Invasive

Via Youtube (Link to video in the story)

About 30 people gathered at the Urban Forestry Center in Portsmouth on Thursday to learn more an invasive species known as jumping, or snake, worms. 

Many of the gardeners wanted to know: how do we get rid of them?

Via Youtube (Link to video in the story)

A new species of invasive worm is chewing up forests and gardens on the New Hampshire Seacoast.

Experts will talk on Thursday in Portsmouth about how to deal with the wriggling pest called the jumping or crazy worm.

This Asian species looks like a regular earthworm, but Emma Erler, the education center program coordinator for UNH Extension, says you'll know the difference when you pick up a jumping worm.

In today's episode, we're talking about species that thrive... and some that don't. First, an American lobster discovered in European waters raises some important questions: is it invasive or just non-native? Then the story of two birds: one universally reviled and the other an avian celebrity.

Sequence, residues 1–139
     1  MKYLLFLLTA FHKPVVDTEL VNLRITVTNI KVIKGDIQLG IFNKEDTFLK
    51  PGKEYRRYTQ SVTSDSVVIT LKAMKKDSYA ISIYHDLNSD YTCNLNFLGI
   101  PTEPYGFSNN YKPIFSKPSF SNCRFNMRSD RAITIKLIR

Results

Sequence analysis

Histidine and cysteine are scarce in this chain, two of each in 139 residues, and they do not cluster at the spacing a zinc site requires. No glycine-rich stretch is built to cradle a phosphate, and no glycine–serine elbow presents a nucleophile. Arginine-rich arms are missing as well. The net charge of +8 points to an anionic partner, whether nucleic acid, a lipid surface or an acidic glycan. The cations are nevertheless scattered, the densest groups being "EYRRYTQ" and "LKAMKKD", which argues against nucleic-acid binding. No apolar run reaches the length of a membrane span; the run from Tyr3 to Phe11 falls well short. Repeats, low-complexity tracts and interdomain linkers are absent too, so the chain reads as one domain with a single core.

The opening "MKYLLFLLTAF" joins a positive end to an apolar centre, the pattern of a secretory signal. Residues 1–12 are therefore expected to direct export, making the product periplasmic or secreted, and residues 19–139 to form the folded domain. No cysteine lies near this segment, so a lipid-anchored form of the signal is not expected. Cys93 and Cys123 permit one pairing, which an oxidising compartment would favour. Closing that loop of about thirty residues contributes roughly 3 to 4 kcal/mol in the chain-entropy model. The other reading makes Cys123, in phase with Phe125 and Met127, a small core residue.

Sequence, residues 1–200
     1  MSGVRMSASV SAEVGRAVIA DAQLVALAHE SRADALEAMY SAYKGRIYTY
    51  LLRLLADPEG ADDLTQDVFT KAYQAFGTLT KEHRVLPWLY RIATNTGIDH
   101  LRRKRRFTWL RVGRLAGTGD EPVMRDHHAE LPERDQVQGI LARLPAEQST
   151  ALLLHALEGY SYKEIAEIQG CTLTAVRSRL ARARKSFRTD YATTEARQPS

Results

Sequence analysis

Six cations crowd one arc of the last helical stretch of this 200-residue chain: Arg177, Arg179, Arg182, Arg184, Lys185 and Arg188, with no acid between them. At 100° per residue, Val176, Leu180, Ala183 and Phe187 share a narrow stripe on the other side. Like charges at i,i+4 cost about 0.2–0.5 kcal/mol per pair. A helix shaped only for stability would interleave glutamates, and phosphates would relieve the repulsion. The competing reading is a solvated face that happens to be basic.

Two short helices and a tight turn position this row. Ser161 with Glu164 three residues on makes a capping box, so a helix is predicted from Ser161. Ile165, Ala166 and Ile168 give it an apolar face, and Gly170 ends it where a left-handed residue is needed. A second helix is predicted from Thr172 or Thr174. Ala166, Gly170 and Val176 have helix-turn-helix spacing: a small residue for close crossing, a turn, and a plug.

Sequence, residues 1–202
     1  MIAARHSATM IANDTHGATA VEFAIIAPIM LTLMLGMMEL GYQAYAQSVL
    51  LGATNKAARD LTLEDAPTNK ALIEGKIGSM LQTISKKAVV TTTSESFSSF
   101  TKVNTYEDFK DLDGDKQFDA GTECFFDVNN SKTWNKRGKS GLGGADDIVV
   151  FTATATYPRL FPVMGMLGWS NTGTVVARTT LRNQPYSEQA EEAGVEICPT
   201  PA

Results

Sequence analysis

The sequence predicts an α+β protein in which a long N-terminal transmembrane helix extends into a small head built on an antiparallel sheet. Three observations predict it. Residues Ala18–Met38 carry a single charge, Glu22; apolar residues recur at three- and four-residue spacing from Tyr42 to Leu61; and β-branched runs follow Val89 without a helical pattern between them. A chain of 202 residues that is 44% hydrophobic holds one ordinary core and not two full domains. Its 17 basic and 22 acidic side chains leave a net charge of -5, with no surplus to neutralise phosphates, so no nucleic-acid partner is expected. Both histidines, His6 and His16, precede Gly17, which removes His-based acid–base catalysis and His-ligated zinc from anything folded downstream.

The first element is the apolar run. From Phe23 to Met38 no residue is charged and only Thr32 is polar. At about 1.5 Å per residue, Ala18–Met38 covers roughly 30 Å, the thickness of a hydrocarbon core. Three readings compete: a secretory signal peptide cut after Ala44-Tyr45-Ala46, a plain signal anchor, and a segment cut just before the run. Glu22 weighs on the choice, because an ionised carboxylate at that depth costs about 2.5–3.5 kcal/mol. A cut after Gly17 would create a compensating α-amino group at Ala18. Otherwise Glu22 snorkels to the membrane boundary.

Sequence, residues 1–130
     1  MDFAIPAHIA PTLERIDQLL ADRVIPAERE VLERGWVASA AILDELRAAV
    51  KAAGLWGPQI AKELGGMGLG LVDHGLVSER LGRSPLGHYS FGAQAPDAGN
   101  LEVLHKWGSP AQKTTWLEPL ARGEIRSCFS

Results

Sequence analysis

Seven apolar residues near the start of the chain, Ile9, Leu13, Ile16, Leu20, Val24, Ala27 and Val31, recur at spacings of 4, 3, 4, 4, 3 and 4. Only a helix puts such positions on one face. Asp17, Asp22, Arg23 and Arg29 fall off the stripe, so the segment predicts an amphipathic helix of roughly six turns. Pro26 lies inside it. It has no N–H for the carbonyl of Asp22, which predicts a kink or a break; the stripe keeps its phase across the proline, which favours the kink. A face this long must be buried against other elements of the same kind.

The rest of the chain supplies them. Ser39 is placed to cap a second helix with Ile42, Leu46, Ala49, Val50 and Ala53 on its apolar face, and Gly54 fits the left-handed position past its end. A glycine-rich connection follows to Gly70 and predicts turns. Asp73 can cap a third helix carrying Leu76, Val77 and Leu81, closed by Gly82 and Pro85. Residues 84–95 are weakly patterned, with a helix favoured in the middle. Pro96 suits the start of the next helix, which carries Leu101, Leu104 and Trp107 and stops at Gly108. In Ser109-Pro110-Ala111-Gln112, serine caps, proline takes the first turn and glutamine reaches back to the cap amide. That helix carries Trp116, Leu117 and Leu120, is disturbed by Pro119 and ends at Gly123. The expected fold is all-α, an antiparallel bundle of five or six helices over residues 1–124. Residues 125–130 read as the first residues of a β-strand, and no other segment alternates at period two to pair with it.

There are different kinds of lobster… you know this, right? You’ve seen Blue Planet.

They're the villain cousins of invasive plants... The spiny water flea, the Emerald Ash Borer, the Rusty crayfish and Rocksnot. Each either in New Hampshire or threatening to do so and harming not only the water, plants and land but indigenous animals, plus they have not natural predators. We'll look more closely at these invasive fish, insects and mollusks and what's being done to combat them.  

Guests

Josh Mogerman, courtesy Flickr

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Flikr Creative Commons / clrlakesand

The New Hampshire Department of Environmental Services has found two more lakes in New Hampshire that have been infested with milfoil, an invasive aquatic plant. DES announced  that Otter Pond in Greenfield and Naticook Lake in Merrimack both have well-established milfoil infestations.